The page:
After the formation of the Appaloosa Horse Club in 1938, a more modern type developed after the addition of American Quarter Horse and Arabian bloodlines. The addition of Quarter Horse lines produced Appaloosas that performed better in sprint racing and in halter competition. Many cutting and reining horses resulted from old-type Appaloosas crossed on Arabian bloodlines, particularly via the Appaloosa foundation stallion Red Eagle. An infusion of Thoroughbred blood was added during the 1970s to produce horses more suited for racing. Many current breeders also attempt to breed away from the sparse, “rat tail” trait, and therefore modern Appaloosas have fuller manes and tails.
Color and spotting patterns
The coat color of an Appaloosa is a combination of a base color with an overlaid spotting pattern. The base colors recognized by the Appaloosa Horse Club include bay, black, chestnut, palomino, buckskin, cremello or perlino, roan, gray, dun and grulla. Appaloosa markings have several pattern variations. It is this unique group of spotting patterns, collectively called the “leopard complex”, that most people associate with the Appaloosa horse. Spots overlay darker skin, and are often surrounded by a “halo”, where the skin next to the spot is also dark but the overlying hair coat is white.
It is not always easy to predict a grown Appaloosa’s color at birth. Foals of any breed tend to be born with coats that darken when they shed their baby hair. In addition, Appaloosa foals do not always show classic leopard complex characteristics. Patterns sometimes change over the course of the horse’s life although some, such as the blanket and lepoard patterns, tend to be stable. Horses with the varnish roan and snowflake patterns are especially prone to show very little color pattern at birth, developing more visible spotting as they get older.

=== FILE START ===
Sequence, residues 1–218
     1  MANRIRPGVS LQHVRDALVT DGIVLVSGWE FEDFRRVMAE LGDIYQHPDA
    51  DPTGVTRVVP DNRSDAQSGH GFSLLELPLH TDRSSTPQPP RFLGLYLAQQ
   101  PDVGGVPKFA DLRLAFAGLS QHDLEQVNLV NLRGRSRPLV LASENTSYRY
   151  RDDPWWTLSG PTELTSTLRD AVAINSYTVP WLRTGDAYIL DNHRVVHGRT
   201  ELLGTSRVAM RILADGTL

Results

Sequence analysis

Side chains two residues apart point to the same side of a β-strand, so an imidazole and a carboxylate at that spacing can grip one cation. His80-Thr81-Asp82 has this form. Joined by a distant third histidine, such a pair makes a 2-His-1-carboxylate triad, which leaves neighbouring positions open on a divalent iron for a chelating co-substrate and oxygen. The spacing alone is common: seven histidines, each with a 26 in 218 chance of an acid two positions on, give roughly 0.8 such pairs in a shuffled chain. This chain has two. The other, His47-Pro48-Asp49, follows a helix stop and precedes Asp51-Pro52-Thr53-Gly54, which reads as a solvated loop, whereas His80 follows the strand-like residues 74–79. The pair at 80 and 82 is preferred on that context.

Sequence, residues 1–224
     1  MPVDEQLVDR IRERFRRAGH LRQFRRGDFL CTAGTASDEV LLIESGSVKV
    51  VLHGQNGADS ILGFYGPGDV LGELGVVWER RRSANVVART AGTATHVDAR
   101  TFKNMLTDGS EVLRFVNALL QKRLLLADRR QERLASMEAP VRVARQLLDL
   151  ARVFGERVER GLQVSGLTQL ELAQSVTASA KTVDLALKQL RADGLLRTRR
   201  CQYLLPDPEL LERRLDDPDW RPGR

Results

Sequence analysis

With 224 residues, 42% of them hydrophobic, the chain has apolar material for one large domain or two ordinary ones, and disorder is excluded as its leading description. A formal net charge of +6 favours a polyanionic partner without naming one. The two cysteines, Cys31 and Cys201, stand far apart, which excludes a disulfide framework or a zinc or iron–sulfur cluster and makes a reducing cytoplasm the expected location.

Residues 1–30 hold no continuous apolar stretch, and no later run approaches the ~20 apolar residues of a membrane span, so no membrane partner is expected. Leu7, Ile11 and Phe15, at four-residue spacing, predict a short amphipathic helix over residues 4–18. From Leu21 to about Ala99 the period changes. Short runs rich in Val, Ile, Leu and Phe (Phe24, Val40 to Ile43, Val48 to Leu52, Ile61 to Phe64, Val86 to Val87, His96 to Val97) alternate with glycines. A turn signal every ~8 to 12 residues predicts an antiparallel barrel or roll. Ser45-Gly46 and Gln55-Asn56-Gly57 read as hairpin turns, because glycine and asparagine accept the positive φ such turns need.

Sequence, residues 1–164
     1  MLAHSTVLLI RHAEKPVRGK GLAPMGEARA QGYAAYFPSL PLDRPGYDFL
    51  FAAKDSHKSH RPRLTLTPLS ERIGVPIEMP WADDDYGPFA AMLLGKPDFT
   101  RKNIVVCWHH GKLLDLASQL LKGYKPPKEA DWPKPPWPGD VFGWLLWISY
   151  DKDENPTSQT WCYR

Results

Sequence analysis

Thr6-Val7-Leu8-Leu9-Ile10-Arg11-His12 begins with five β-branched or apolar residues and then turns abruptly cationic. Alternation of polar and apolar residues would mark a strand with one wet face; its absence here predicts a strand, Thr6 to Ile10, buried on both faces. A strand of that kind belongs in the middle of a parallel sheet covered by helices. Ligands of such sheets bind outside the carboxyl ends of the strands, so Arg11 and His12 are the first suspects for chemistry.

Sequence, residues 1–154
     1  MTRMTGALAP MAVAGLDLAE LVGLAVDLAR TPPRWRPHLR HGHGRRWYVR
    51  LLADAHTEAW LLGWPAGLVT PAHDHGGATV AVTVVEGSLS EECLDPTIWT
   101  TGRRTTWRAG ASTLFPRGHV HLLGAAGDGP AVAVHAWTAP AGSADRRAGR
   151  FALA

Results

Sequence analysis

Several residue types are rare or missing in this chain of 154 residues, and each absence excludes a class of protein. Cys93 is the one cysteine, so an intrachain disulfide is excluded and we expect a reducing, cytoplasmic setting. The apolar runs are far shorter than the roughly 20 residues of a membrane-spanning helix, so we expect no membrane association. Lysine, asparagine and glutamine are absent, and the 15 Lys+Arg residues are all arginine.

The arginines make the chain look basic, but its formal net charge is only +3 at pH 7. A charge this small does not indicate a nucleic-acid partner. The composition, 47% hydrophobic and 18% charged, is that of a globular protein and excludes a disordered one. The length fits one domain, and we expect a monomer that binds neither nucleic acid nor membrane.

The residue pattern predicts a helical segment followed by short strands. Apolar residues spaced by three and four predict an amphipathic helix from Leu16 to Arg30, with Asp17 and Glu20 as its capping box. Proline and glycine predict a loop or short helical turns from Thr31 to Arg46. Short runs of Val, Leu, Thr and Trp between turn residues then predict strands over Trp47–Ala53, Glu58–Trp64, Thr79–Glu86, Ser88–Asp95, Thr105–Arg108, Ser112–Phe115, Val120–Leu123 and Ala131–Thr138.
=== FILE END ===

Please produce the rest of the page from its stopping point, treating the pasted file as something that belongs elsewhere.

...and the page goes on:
The ApHC also recognizes the concept of a “solid” horse, which has a base color “but no contrasting color in the form of an Appaloosa coat pattern”. Solid horses can be registered if they have mottled skin and one other leopard complex characteristic.
Base colors are overlain by various spotting patterns, which are variable and often do not fit neatly into a specific category. These patterns are described as follows:
Spots: General term that refers to a horse that has white or dark spots over all or a portion of its body
Blanket or snowcap: A solid white area normally over, but not limited to, the hip area with a contrasting base color.
Blanket with spots: A white blanket which has dark spots within the white. The spots are usually the same color as the horse’s base color.
Leopard: A white horse with dark spots that flow out over the entire body. Considered an extension of a blanket to cover the whole body.
Few spot leopard: A mostly white horse with a bit of color remaining around the flank, neck and head.
Snowflake: A horse with white spots, flecks, on a dark body. Typically the white spots increase in number and size as the horse ages.
Appaloosa roan, marble or varnish roan: A distinct version of the leopard complex. Intermixed dark and light hairs with lighter colored area on the forehead, jowls and frontal bones of the face, over the back, loin and hips. Darker areas may appear along the edges of the frontal bones of the face as well and also on the legs, stifle, above the eye, point of the hip and behind the elbow. The dark points over bony areas are called “varnish marks” and distinguish this pattern from a traditional roan.
Mottled: A fewspot leopard that is completely white with only mottled skin showing.
Roan blanket or Frost: Horses with roaning over the croup and hips. The blanket normally occurs over, but is not limited to, the hip area.
Roan blanket with spots: A horse with a roan blanket that has white and/or dark spots within the roan area.
Esta página también está disponible en: Spanish